Their names bear a touch of medieval morality plays, but instead of Hope, Penance and Mercy, the three sisters are called Amal, Taura, Tahrir, or Hope, Revolution, and Liberation. Dressed like ordinary college girls they are - they would not stick out at Yale or Tel Aviv University. Their books and CDs are the same ones I saw this morning on my son’s shelf. But their smiles, their wonderful happy smiles and high spirits, are quite out of the ordinary, considering their circumstances.

Fifty years ago their parents were expelled from their ancestral home in the South together with 750,000 Palestinians, and the sisters were born into a family of refugees in Halil. They were born one after another, to make up for the many years of their father’s jail term. He was with them but a short while, as his heart gave up when a settler flung a gas grenade into his


sitting room. The youngest sister, Amal, is at high school, while Tahrir is already a sophomore at university, studying architecture, the fine art of dressing thoughts in stone and building homes. Their own home, a modest, three-bedroom stone house with wide windows, set deep in the vineyards of the valley, is doomed.

The messengers of doom stood outside staring at the ruins of the neighbouring house, at its flat roof broken at the centre, and at a grey- haired woman with bright blue eyes who was searching in the vestiges of what was her home until yesterday.

Yalla, ufi kvar”, screeched a tall Jewish girl, Barbra-or-something, at the old woman. Get lost!

An accompanying army officer was ready to oblige. He repeated the order in Arabic, and, while the woman climbed up from the crater, told Barbra-or-something about what the old woman had told him: “Her new leg”, he said. “Five thousand shekels’ worth. Over one thousand dollars, bought just a month ago. She used it for her better occasions, and yesterday, whe n we demolished her home, she had on her older limb”.

“No, she lost her leg as a child in 1948, when the Old city of Jerusalem was shelled”, the officer answered the unheard question of a tall, imposing man in an elegant grey suit and a small, head-covering kippa. Meanwhile, two bulldozers pulled away the remainder of the old lady’s home, neatly grabbed the remains of the vineyard and crushed its purple-red leaves into the mud.

At this time of the year, purple-red covers the hills in Halil Country. It is the land of vine, separated by Bethlehem to the north from the land of olive. It is the land of broad terraces, reddish-dry soil, abundant sheep, rare springs, strong faith, and of vine. Though a few hundred years ago the local folk gave up their Orthodox Christian religion and embraced Islam, they still press wine in the millennia-old stone wine presses. In the autumn, the women of Halil sell their heavy, yellow, sweet grapes, still covered by field dust, at Damascus Gate, wearing their long black dresses with exquisite embroidery. When my wife gave birth to our first son, I presented her with just such a black and purple-red dress sewn over many weeks in a village near Halil.

Much as I like the vine land and the people of Halil, it is not a place one visits gladly. As in a Greek tragedy, dreadful doom befalls the city. The sea monster consumed the virgins of Jaffa in the story of Perseus, the Doom of Halil slowly eats up the city and its folk. Day after day, a house is confiscated, a shop torched, a man killed. Now, Halil is the semi-digested object fishermen used to find in the stomachs of decked sharks. It still preserves some features of the ancient, proud city of men, but it is half-eaten. If you ever visited a beautiful, terminally- ill young girl, you kno w the feeling.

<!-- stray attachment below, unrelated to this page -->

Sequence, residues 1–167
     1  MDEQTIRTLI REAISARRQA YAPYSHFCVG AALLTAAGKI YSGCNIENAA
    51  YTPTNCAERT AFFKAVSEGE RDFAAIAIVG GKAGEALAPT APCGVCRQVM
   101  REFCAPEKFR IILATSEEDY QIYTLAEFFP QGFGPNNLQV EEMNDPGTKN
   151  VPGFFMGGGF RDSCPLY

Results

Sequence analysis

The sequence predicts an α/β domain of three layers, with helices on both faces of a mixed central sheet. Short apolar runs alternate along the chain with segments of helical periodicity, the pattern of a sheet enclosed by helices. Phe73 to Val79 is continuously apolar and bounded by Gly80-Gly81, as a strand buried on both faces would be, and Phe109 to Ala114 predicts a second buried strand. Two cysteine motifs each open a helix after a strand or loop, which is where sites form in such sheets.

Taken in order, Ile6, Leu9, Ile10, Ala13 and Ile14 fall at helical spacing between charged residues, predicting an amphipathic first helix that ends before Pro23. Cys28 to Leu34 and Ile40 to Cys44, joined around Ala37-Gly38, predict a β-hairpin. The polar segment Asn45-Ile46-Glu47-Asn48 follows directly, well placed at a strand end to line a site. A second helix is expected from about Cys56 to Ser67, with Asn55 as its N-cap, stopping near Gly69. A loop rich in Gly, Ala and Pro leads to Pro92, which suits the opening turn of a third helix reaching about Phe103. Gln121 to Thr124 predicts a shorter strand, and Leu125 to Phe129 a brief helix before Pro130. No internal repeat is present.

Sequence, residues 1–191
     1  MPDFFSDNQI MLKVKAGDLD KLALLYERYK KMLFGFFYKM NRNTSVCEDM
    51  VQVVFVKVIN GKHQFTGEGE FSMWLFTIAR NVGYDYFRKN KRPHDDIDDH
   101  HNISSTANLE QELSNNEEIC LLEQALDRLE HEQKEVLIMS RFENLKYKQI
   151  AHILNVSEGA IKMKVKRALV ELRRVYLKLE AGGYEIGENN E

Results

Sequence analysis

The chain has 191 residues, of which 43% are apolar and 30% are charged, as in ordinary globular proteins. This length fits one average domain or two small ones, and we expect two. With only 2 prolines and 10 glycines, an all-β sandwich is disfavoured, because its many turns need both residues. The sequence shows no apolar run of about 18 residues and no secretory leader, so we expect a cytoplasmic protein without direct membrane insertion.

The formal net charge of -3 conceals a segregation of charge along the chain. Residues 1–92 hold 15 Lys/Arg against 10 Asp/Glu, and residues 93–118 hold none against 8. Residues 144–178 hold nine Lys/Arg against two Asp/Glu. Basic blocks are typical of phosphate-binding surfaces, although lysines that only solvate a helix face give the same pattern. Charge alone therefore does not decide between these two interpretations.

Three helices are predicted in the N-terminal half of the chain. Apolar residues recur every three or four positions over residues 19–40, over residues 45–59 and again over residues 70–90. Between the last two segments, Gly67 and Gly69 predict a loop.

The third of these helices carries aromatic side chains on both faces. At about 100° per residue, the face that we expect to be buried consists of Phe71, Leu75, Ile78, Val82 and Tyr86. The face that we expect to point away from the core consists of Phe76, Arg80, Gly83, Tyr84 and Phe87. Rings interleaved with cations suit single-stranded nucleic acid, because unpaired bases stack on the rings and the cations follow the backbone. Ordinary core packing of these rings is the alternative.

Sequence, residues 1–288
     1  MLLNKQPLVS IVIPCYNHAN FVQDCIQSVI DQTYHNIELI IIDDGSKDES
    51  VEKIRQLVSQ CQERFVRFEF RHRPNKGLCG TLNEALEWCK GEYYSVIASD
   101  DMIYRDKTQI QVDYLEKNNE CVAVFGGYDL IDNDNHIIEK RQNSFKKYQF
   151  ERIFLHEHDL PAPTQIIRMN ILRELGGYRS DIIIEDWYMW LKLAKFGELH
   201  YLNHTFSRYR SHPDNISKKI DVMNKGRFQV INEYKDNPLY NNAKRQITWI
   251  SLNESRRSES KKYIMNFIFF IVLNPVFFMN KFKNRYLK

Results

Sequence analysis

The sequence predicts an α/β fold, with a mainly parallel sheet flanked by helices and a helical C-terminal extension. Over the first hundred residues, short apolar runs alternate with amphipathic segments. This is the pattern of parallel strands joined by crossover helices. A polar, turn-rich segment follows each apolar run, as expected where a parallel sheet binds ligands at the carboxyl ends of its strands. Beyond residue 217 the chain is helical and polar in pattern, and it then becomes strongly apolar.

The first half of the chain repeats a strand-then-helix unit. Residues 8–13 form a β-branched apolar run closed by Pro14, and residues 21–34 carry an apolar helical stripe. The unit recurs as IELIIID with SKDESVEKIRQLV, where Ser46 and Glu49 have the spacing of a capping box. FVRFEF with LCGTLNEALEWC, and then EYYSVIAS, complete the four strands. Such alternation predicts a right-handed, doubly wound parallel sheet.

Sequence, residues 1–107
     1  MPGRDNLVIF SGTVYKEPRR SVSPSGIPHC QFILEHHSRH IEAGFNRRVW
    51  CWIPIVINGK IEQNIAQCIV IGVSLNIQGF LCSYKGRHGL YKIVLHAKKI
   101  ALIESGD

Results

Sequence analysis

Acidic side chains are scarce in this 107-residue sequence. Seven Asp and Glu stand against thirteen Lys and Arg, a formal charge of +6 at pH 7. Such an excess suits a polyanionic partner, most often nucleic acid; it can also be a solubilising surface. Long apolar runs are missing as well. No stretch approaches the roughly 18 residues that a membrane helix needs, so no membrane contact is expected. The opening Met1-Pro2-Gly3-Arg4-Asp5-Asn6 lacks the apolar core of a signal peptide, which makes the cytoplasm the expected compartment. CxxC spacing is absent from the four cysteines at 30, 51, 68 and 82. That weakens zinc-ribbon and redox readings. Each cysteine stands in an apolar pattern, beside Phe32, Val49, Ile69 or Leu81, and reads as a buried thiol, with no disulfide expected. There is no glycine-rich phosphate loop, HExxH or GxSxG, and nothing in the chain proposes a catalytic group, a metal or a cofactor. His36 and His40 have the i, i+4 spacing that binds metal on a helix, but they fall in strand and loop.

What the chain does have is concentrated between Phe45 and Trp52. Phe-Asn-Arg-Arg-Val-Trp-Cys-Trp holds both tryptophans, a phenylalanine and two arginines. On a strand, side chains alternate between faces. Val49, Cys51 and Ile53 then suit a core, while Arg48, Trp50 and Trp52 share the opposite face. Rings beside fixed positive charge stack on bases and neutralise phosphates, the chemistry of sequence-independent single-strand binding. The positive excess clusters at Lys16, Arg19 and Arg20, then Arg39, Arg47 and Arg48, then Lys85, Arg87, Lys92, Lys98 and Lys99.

In normal times, Halil country would be much admired, for it is very much the Land of

the Bible: its people’s life -style has not changed much. They are the same shepherds and wine-


growers, and the names of their villages are replete with memory. The great Palestinian brigand Daud, later King David, charged protection- money in Maan; the prophet Amos grew up in Tukua; Gad is buried in Halhul. Halil was called Hebron, later St Abraham, later Halil, or the Beloved, for it is a stock epithet of Abraham, the great culture hero of the Middle East. That is the original Judea of kings and prophets: Judean but (despite some similarity of sound) not Jewish, even quite unconnected to the Jews of old, who never ventured into this arid province so far south. The Jewish historian Josephus Flavius did not know of those places; the Jewish books, Talmud and Mishna, hardly mentioned Hebron and Bethlehem. The Jews called the land, ‘Idumea’, and its Judean folk, ‘Idumeans’. (In similar vein, the Jews called the lan d of Israel ‘Samaria’, and its Israelites ‘Samaritans’, as they wanted to privatise the heritage of the Bible.) The native Judeans, the people of Halil, did not care: they still worked the same fields and worshipped at the same shrines as did their ancestors, the heroes of the Bible.

Most of all, they cherish their Ibrahimiye Mosque, commemorating the Beloved of God, Ibrahim (or Abraham), the spiritual pathfinder for mankind. This massive edifice of rusticated stones was built in the uncharted past. The Crusaders erected a beautiful basilica on the old foundations, and the benevolent rulers of Cairo and Damascus, Istanbul and Baghdad adorned its walls with Islamic verses. The Mosque of Halil exudes holiness and grace as the font of spirit that broke out in the Judean Hills. Yes, that is uniqueness of the Holy Land: while the Almighty gave oil to our neighbours, He gave the Halilis bottomless deposits of divine spirit. While oil runs out, the more spirit is given away, the more of it remains. Probably that is why the enemy made it so hard to get there.

The Old city of Halil is a dense swarm of medieval houses around the Ibrahimiye Mosque. The closely built houses leave but few entrances into the maze. These have been blocked by iron gates and barbed wire, leaving just two openings for access. The openings are controlled by massive checkpoints. The soldiers checked our documents again, searched us and let us into the city of the Beloved-turned- into-the-worst-jail in the Gulag archipelago of Palestine.